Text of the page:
Visit Florida Provides Vital Support To Businesses Affected By Sargassum Invasion

Visit Florida Provides Vital Support To Businesses Affected By Sargassum Invasion

Piles of sargassum seaweed have hit Florida shores this season in record numbers causing concern for locals and visitors to the state. So much so that Florida’s official tourism marketing corporation Visit Florida has provided sargassum-related resources to alleviate any concerns. 

Two such links for sargassum-related resources are The National Oceanic and Atmospheric Administration Sargassum Reports and Florida Department of Health Fact Sheet.

Along with providing real-time sargassum information to travelers, the tourism body is working with other state agencies to suggest inland activities for impacted destinations. 

While the seaweed helps with shoreline stability, the stinky rotten egg-smelling seaweed can be dangerous for those with respiratory issues who have prolonged exposure. 

5,000-Mile-Long Seaweed Blob Heading To Florida, Mexico, And Dominican Republic

The yearly invasion is expected, but this year The Great Atlantic Sargassum Belt set new records. The belt has been measured at 13 million metric tons, which is about .1% of the ocean’s surface.

As the bloom is being predicted for June and July. along with Florida, the Caribbean and Mexico will experience major beaching events throughout the summer.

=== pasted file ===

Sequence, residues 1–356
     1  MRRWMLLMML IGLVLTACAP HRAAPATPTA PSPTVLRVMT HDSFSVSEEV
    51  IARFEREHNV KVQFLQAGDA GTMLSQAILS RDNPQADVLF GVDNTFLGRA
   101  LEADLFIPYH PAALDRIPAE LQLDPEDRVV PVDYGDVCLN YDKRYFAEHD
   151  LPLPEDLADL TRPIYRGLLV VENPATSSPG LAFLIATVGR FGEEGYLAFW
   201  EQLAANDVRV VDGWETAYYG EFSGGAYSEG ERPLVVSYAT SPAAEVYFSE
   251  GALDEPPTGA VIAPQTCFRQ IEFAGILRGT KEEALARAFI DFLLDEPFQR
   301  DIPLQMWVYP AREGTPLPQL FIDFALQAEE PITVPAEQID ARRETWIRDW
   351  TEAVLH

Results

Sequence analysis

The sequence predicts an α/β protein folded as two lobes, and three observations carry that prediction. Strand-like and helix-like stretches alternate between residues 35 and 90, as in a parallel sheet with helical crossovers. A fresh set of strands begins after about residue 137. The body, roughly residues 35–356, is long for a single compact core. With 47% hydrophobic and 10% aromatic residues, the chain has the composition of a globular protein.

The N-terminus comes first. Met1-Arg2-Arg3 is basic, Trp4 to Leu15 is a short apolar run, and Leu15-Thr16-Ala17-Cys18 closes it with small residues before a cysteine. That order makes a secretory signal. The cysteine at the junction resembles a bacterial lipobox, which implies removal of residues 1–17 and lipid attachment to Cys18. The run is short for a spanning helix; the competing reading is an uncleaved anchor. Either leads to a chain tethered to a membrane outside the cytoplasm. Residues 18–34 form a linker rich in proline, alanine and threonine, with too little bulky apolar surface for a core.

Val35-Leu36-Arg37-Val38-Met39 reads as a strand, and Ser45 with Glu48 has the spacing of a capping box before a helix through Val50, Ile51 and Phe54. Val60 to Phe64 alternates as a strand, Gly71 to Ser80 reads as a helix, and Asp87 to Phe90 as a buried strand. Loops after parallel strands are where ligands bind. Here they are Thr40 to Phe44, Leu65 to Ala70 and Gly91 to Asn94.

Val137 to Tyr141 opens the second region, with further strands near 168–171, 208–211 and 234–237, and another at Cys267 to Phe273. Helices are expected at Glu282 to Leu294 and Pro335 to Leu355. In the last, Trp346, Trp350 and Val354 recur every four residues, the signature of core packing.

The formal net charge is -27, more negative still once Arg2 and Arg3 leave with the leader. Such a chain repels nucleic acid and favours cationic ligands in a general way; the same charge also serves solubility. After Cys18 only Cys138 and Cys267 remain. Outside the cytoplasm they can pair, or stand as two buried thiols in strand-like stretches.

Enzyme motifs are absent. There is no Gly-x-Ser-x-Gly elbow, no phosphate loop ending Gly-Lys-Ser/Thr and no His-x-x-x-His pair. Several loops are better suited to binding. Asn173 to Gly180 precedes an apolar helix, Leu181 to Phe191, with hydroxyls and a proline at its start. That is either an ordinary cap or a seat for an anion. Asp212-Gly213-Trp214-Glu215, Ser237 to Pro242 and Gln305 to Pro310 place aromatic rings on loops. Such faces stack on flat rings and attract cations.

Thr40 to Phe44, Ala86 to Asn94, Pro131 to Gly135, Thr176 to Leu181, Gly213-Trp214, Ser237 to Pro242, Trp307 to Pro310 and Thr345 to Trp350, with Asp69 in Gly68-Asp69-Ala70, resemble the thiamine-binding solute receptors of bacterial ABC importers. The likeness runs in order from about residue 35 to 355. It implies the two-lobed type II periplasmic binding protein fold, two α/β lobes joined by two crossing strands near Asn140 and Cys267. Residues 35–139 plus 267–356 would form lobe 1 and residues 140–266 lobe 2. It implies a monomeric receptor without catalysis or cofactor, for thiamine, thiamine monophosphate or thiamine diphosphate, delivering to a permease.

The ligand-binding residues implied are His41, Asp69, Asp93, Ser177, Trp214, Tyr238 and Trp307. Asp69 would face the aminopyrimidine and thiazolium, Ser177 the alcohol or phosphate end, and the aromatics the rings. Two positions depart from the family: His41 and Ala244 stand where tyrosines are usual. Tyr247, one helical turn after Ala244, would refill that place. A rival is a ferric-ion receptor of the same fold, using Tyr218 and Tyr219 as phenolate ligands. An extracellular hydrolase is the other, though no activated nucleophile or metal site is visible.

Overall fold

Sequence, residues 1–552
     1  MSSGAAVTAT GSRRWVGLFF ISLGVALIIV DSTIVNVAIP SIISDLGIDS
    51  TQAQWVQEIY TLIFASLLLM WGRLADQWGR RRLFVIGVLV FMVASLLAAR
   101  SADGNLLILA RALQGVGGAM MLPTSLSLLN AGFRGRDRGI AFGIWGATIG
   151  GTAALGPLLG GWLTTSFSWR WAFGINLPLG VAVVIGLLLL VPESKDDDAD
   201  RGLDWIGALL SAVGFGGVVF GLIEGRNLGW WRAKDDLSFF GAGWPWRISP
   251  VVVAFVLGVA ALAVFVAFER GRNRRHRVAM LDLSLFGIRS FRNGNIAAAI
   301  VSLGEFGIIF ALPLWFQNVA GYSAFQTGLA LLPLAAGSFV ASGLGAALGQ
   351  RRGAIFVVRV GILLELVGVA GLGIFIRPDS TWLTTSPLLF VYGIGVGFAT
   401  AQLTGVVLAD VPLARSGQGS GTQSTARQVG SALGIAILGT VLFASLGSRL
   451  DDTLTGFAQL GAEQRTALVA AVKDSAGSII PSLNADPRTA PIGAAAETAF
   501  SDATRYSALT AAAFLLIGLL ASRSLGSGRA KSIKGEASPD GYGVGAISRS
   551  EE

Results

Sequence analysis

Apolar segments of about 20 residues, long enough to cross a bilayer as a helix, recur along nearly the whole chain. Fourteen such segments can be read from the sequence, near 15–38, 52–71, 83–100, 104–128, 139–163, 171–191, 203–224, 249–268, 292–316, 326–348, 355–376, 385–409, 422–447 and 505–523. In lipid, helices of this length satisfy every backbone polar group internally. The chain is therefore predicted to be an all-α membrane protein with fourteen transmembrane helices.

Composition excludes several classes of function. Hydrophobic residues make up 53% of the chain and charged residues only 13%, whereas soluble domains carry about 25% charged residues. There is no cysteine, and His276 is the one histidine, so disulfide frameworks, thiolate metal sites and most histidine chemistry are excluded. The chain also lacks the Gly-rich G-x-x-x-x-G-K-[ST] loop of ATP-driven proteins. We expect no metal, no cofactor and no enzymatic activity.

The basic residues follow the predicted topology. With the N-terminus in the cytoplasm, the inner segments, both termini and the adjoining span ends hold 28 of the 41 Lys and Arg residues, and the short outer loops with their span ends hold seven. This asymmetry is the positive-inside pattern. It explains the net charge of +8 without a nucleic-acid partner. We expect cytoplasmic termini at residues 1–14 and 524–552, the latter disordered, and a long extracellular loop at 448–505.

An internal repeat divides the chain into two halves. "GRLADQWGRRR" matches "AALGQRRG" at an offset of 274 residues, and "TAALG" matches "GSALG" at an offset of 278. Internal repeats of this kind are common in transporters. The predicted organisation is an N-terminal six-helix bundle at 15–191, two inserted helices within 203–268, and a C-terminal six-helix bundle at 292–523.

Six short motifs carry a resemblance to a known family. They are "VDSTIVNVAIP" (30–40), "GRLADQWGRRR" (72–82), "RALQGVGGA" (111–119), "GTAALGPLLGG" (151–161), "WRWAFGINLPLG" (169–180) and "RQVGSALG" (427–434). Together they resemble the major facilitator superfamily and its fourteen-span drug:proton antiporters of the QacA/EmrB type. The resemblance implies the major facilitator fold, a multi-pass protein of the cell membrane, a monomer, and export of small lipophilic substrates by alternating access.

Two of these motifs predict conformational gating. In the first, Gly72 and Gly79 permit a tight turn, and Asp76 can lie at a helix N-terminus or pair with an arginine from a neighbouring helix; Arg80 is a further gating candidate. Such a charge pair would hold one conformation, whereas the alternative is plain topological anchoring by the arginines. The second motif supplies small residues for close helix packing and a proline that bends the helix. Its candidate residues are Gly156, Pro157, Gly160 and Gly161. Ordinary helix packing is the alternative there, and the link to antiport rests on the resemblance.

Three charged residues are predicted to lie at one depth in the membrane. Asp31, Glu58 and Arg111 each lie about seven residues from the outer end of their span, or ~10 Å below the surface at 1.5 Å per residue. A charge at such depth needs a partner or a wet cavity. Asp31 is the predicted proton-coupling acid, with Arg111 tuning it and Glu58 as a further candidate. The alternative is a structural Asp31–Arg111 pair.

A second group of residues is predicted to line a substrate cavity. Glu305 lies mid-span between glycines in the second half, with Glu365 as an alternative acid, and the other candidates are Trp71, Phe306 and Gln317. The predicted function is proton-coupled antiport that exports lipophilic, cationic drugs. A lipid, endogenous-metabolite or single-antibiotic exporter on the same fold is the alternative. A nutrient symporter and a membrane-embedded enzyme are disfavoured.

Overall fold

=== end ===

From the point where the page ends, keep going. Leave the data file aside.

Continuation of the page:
Currently measuring over 5,000 miles wide, twice the width of the United States, beachgoers have experienced the whiff of rotten eggs since Easter Sunday. 

The seaweed is home for many marine species and the algae helps with erosion and provides beach plants with nutrients according to an article in 2018 from the University of Florida Museum. It also provides refuge for fish, crabs, shrimp and other smaller organisms. 

Managing the influx of seaweed is a two-pronged approach from the Florida Fish and Wildlife Conservation Commission and the Florida Department of Environmental Protection. The former leads coastal water cleanup while the latter manages sargassum that lands on beaches.

The sargassum invasion has been occurring yearly since 2011, requiring costly cleanups and detouring tourists. Growing in the clear waters of the Sargasso Sea, strong currents bring the mass westward, impacting Florida, the Caribbean and Mexico.